The Marrowfat bean is a rare bush bean that was first popularized in the mid-1800s as a baking bean. They can be directly sown after the last frost and will reach maturity in 81-90 days. The plants reach 18-24 inches in height and have a white bloom. Though predominately consumed in casseroles and stews, the Marrowfat has a dual-purpose as it is also used as a fresh shelling bean. The Marrowfat plant produces four to five inch-long pods that are yellowish-white and contain 4 white, egg-shaped beans. The young flattened green pods are sweet and tender when young. The creamy texture of these plump seeds is conducive to being pureed. These heirloom beans have a meaty, bacon-like flavor. It is difficult to place a specific date on the beginning of cultivation for this particular bean in the United States. However, there are numerous agricultural journals mentioning it as early as 1834. With the growth in industrial agriculture after the 1940s, however, the popularity of this variety began to diminish. The Marrowfat bean is primarily at risk because of the popularity of the white navy beans, which are produced on a much larger scale. The Marrowfat bean continues to be produced by small farmers and bean enthusiasts however it is relatively unknown to the general public.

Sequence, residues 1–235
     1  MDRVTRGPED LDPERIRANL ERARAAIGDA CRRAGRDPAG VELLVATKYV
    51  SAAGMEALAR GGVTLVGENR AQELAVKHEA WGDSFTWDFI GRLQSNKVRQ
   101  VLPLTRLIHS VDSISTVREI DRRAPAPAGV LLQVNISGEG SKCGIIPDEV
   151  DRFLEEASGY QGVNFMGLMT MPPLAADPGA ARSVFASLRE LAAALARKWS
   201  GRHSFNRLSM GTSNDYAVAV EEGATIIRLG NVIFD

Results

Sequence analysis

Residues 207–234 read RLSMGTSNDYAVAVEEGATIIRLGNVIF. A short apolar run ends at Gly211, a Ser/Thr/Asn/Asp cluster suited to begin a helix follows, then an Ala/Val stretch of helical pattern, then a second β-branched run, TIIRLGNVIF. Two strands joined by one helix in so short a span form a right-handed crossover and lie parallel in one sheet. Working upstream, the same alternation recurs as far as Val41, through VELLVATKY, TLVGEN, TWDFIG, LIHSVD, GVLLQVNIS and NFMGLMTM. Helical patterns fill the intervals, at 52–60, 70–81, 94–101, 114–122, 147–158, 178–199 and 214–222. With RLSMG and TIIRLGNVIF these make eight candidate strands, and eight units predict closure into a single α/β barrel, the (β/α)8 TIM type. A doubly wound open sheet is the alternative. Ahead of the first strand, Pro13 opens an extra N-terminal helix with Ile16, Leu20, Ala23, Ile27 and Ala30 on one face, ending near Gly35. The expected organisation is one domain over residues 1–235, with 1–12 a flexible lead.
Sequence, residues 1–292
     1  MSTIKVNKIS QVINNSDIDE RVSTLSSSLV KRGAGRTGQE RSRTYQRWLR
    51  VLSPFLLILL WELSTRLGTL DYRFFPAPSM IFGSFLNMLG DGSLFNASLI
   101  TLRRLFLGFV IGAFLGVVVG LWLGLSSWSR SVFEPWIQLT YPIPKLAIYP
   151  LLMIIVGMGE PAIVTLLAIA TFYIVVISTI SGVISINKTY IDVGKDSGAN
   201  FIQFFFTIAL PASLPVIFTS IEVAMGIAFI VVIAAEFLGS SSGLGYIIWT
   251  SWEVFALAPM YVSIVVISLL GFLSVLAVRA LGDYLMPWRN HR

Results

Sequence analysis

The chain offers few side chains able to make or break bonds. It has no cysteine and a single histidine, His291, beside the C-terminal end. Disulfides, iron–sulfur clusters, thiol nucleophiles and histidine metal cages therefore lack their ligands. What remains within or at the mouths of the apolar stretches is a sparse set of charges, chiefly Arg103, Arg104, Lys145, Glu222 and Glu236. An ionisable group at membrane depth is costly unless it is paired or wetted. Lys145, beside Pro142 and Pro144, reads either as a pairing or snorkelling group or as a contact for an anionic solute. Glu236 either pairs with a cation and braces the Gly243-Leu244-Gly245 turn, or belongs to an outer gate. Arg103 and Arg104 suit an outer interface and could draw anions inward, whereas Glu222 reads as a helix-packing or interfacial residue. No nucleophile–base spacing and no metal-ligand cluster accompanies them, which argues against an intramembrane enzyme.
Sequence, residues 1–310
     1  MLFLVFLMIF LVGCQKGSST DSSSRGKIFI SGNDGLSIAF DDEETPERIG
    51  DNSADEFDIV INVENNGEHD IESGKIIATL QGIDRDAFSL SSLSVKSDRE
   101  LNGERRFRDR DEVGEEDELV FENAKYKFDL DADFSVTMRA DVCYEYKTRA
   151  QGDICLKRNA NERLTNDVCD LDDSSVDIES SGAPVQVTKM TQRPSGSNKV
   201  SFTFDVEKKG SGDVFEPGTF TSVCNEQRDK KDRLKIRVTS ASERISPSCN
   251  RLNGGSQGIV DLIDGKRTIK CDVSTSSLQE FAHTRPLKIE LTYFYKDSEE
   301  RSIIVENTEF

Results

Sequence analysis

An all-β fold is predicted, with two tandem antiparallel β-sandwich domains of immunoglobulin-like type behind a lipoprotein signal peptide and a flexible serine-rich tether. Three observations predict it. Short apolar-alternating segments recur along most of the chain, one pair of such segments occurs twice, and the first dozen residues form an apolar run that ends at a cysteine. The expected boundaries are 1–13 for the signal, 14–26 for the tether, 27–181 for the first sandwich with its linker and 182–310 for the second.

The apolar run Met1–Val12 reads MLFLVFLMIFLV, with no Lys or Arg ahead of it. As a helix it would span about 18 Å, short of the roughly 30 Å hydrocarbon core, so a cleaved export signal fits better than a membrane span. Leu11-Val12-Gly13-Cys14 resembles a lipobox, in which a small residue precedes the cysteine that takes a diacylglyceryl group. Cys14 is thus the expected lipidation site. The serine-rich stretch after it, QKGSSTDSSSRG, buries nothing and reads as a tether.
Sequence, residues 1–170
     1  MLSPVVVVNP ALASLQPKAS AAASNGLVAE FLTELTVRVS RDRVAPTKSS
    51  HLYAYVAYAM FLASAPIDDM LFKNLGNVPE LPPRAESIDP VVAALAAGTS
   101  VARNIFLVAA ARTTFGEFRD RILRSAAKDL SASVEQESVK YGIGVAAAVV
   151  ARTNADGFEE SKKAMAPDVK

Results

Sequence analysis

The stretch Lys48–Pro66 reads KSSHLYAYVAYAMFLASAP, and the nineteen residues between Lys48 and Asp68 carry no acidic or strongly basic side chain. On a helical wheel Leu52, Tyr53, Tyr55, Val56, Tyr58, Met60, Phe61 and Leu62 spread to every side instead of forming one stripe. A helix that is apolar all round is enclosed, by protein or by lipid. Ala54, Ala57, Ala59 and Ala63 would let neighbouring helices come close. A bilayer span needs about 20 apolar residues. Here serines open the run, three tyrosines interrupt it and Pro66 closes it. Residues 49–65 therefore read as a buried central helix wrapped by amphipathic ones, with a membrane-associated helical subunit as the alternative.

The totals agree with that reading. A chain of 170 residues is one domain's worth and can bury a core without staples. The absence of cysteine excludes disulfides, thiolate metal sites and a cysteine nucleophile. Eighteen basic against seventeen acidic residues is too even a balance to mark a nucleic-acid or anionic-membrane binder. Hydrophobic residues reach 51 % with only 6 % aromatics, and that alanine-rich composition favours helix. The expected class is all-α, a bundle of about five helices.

The traditional products, local breeds, and know-how collected by the Ark of Taste belong to the communities that have preserved them over time. They have been shared and described here thanks to the efforts of the network that that Slow Food has developed around the world, with the objective of preserving them and raising awareness. The text from these descriptions may be used, without modifications and citing the source, for non-commercial purposes in line with the Slow Food philosophy.